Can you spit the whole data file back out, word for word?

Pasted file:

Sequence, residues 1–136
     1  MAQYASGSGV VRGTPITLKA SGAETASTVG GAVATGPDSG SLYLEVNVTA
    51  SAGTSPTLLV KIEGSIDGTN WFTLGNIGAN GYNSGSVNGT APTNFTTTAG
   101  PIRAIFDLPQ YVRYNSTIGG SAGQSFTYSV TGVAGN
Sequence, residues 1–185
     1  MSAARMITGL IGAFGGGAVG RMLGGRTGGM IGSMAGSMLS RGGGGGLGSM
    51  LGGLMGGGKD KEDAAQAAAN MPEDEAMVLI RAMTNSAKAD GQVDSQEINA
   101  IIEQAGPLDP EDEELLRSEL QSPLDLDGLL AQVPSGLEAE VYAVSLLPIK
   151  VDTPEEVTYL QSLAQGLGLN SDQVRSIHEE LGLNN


Sequence, residues 1–136
     1  MAQYASGSGV VRGTPITLKA SGAETASTVG GAVATGPDSG SLYLEVNVTA
    51  SAGTSPTLLV KIEGSIDGTN WFTLGNIGAN GYNSGSVNGT APTNFTTTAG
   101  PIRAIFDLPQ YVRYNSTIGG SAGQSFTYSV TGVAGN
Sequence, residues 1–185
     1  MSAARMITGL IGAFGGGAVG RMLGGRTGGM IGSMAGSMLS RGGGGGLGSM
    51  LGGLMGGGKD KEDAAQAAAN MPEDEAMVLI RAMTNSAKAD GQVDSQEINA
   101  IIEQAGPLDP EDEELLRSEL QSPLDLDGLL AQVPSGLEAE VYAVSLLPIK
   151  VDTPEEVTYL QSLAQGLGLN SDQVRSIHEE LGLNN